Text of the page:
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Enlarged Prostate (BPH)

Benign prostatic hyperplasia (BPH) is a common condition in men caused by non-cancerous enlargement of the prostate gland. The prostate is a walnut-shaped gland that surrounds the urethra at the neck of the bladder, in front of the rectum.

The main function of the prostate is to supply fluid for the semen. As men get older, the prostate enlarges and can squeeze down on the urethra, causing lower urinary tract symptoms associated with BPH where men have difficulty urinating.

Symptoms of an Enlarged Prostate

  • The need to urinate frequently, especially at night
  • Difficulty starting the flow of urine
  • Having to force urination
  • A feeling that the bladder does not completely empty, even after urinating
  • Dribbling after urination
  • A slow or weak stream of urine
  • Inability to hold the urine once the urge to urinate begins

If you are unable to urinate at all, this is an emergency situation that requires immediate medical attention.

Causes of Enlarged Prostate

Aging is the leading cause of enlarged prostate, which affects more than 50% of men age 50 and older and 90% of men age 80 and older. Other risk factors include a family history of BPH and obesity caused by lifestyle choices such as a diet high in fat and animal protein and physical inactivity.

Diagnosing BPH

The doctor will take a detailed health history and perform a physical exam that includes checking your prostate with a digital rectal exam (DRE). Other tests may or may not be ordered. These tests include:

  • Prostate-specific antigen (PSA): a blood test to screen for prostate cancer
  • Cystoscopy: a small flexible scope that is passed through the penis to look in the urethra and/or bladder to determine if there is evidence of urethral prostate enlargement
  • Post-void residual volume (PVR): determines how much urine is left in the bladder after urinating
  • Ultrasound of the kidney or prostate: used to view the prostate and ensure kidneys are not being affected by blockage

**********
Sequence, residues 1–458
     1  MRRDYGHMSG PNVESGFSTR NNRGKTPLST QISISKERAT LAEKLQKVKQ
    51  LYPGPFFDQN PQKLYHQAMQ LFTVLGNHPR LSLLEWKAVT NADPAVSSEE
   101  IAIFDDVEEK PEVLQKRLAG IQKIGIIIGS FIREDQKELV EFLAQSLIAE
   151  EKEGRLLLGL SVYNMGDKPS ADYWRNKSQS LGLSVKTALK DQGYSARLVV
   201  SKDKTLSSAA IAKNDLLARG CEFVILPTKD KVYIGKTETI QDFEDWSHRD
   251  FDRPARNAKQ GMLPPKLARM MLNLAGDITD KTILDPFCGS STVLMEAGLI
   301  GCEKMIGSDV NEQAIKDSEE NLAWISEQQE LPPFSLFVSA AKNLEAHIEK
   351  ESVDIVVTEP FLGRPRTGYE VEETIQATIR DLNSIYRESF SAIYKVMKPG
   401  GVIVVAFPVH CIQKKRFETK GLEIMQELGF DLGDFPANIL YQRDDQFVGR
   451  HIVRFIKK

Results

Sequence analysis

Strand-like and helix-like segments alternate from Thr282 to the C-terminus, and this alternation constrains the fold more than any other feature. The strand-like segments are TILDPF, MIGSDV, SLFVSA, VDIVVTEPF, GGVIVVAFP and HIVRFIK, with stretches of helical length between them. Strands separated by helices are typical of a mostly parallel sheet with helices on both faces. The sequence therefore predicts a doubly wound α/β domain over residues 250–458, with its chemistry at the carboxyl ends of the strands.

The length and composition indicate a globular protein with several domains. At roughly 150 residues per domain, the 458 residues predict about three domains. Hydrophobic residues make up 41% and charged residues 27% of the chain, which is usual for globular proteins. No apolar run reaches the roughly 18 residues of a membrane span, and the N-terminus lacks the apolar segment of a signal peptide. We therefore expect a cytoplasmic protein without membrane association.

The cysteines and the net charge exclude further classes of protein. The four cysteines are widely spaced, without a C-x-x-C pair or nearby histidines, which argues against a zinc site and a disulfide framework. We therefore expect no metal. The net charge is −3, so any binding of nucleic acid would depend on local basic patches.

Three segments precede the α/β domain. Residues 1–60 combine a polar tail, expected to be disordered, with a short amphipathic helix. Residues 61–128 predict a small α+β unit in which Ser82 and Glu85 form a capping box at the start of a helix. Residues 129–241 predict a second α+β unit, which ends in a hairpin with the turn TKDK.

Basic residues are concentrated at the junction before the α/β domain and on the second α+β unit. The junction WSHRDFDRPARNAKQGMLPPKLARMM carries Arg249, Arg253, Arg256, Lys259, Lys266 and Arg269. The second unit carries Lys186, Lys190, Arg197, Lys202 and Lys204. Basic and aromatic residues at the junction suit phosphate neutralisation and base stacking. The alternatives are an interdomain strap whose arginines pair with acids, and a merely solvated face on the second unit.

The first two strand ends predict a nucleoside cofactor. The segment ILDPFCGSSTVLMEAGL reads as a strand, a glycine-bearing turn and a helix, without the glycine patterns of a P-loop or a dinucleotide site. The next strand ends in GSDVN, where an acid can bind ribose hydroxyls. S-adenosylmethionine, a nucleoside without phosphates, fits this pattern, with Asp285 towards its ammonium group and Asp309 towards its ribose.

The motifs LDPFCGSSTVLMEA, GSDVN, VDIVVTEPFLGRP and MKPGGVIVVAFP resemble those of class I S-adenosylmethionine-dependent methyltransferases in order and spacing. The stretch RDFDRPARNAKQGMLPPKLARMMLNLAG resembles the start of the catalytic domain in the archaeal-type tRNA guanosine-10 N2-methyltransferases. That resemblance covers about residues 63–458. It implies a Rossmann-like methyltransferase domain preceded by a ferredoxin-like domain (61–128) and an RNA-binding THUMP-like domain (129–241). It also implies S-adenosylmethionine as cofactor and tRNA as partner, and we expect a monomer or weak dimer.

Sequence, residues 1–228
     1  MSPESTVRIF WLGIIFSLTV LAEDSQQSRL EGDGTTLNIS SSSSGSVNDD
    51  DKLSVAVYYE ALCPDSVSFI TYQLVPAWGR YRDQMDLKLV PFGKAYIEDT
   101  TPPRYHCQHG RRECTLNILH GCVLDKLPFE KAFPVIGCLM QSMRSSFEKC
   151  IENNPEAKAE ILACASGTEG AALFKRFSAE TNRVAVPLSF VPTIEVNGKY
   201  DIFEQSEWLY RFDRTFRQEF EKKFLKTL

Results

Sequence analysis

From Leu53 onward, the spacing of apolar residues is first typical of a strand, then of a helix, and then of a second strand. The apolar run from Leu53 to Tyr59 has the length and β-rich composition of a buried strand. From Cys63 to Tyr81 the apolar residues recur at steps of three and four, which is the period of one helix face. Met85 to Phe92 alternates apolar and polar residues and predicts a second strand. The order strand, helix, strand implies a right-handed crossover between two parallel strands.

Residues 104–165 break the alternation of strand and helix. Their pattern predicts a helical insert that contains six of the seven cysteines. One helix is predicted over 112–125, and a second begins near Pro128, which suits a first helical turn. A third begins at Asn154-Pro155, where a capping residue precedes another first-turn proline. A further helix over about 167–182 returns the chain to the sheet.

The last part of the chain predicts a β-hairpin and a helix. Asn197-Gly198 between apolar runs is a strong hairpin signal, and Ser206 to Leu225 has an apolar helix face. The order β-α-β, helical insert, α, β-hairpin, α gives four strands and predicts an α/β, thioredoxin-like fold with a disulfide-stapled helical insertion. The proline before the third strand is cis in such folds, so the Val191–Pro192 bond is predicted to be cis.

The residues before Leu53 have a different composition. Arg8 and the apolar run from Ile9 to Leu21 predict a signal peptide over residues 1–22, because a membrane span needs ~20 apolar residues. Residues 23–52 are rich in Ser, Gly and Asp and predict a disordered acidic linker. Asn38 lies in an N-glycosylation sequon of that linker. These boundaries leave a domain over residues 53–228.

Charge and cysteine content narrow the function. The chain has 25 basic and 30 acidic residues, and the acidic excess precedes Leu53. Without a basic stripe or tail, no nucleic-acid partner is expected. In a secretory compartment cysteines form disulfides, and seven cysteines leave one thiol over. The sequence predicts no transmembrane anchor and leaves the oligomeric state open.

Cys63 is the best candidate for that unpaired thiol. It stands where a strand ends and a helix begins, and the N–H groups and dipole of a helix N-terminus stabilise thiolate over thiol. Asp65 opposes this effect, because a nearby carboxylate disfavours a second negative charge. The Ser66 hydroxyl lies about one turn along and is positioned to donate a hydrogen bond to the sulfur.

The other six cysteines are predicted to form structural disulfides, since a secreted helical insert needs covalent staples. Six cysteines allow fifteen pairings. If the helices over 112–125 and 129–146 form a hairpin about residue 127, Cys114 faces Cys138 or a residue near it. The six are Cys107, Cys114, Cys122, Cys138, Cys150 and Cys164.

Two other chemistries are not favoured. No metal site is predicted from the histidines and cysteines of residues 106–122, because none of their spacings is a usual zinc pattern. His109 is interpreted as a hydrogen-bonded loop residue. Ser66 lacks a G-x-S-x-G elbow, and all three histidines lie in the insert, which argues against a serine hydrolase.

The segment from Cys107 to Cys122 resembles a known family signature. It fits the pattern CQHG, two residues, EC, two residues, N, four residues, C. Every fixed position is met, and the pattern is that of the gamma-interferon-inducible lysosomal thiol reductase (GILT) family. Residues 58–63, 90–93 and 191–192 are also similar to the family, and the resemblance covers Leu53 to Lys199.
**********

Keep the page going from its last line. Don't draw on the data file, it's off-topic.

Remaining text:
• Urine collection: tests for infection or screens for bladder cancer
  • Urine flow study: measures how quickly urine flows while you are urinating
  • Urodynamic pressure-flow study: tests the pressures inside the bladder during urination

Treatment for BPH

Treatment for BPH depends on the severity of symptoms. Treatment may entail only making lifestyle changes. If medication is required, your doctor may prescribe medicine that helps relax the smooth muscles of the urethra or shrink the prostate to improve your symptoms. When medication is not sufficient, surgery may be required.

Microwave Therapy

Microwave Therapy for BPH

Many men suffer from urinary incontinence or pain during urination, and in most cases the cause of lower urinary tract symptoms is an issue with the prostate. Prostate cancer can be one cause, but a more common reason for these pelvic issues is an enlarged prostate, also known as benign prostatic hyperplasia (BPH).

Microwave therapy, also called transurethral microwave therapy (TUMT), is a one-time outpatient procedure that uses high temperatures to kill tissue inside the prostate. TUMT for an enlarged prostate is only used when the enlarged prostate is not cancer-related. It is an alternative to medication, which would shrink the prostate, or surgery which would remove some or all of the prostate.

During TUMT, a catheter is inserted into the urethra and prostate. A microwave antenna inside the catheter emits energy to heat the interior of the prostate, and as the treated tissue heals, it shrinks to reduce the blockage of urine flow and painful side effects of the condition.

A cooling substance flows around the antenna so as to not burn the walls of the urethra, and a temperature sensor allows the outside temperature of the prostate to stay at reasonable levels.

Microwave therapy accomplishes results similar to the traditional surgical treatment for enlarged prostate, which uses an electronic knife to resect the prostate. Because TUMT usually does not affect the walls of the prostate, however, there is often a minimized amount of irritation and fewer urinary side effects from this procedure.

Post-Procedure Instructions